The Prado Museum, Madrid
The Spanish Portraits, from 19th October 2004 to 6th February 2005.
The exhibition starts at the end of the Middle Ages, with works by Juan de Flandes, Titian, Antonio Moro, Rubens and Mengs (when the court was a driving force in the creation of such outstanding works). It continues up to early Modern art with works by Picasso, Gris, Miró and Dalí.
Portraiture was one of the most important genres in European painting since the end of the Middle Ages. It occupies an important place in Spanish painting because most of the great artists were also great portrait painters (Velazquez, Goya, Picasso, etc). Thus an exhibition of portraits is inevitably a collection of masterpieces.
The Spanish Portraits at the Prado Museum
Guggenheim Museum Bilbao
The Aztec Empire, from 14th March to 4th September 2005.
The exhibition consists of more than 500 works. They reveal the grandeur of an empire that flourished between the 14th and 15th centuries – practically at the same time as the Renaissance in Europe. This is an exhaustive view of a pre-Columbian civilisation and includes works from public and private collections in Mexico, the United States and Europe.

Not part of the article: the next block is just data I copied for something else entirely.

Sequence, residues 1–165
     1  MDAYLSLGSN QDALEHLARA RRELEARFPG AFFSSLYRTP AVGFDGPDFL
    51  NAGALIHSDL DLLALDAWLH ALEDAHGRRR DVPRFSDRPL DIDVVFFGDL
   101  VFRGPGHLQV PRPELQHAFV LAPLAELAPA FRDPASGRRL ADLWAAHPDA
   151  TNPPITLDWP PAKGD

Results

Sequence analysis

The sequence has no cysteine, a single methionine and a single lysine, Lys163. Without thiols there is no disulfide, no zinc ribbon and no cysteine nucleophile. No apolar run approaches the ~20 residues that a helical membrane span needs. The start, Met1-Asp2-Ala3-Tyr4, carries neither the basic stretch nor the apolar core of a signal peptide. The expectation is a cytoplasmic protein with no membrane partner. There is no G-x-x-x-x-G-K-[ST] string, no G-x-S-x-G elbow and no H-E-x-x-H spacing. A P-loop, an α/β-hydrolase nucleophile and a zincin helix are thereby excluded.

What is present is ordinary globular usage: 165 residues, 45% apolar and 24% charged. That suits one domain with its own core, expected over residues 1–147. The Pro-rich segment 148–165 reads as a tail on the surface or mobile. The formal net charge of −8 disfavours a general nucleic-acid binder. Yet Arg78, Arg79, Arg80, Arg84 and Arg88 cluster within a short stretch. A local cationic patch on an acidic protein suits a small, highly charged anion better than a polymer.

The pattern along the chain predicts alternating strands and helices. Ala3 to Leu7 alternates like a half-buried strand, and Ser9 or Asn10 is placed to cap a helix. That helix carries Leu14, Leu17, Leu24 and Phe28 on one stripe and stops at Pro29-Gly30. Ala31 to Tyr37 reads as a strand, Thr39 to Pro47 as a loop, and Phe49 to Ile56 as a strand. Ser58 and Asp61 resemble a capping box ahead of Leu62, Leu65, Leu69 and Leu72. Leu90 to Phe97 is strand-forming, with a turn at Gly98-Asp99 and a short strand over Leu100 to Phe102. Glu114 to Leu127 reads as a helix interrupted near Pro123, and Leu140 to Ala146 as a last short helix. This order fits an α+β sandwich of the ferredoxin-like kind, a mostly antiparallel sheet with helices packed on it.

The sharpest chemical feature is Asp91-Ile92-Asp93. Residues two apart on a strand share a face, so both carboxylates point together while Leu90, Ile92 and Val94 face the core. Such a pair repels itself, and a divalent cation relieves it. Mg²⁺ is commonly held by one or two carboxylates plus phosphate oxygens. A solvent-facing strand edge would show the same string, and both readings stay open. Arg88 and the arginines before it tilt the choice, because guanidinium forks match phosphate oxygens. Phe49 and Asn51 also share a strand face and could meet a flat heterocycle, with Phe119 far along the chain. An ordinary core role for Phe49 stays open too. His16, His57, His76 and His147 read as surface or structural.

Split into 10 themes, it explores the development of Aztec culture, starting with its origins and the influence of earlier civilisations. It continues through the period of its greatest splendour and the relations with other cultures such as the Tarasco Empire, until its decline following the arrival of Hernán Cortés in 1519.
This exhibition arrives at the Guggenheim in Bilbao following its appearance at the Solomon R. Guggenheim Museum in New York. In Bilbao it will be expanded to widen Spanish contact with Aztec culture.
Joan Miró Foundation, Barcelona
Woman –the metamorphosis of modernity, from 25th November 2004 to 6th February 2005.
This exhibition is devoted to woman in her role as muse and as incarnation of modernity. It contains paintings, drawings and sculptures by more than a dozen artists, including Tarsila do Amaral, Frida Khalo, Le Corbusier, Fernand Léger, Henri Matisse, Joan Miró, Henry Moore, Pablo Picasso, Giacometti, André Masson, Louise Bourgeoise, Yves Klein, etc.
It explored female iconography, starting from the early 1930s in France. In earlier cultural perceptions woman appeared as a mother, a virgin, etc. Later, she emerges as a "woman-muse" – inspiring artistic creation. In this guise she lends a more liberated air to the concept of modernity.
Joan Miró Foundation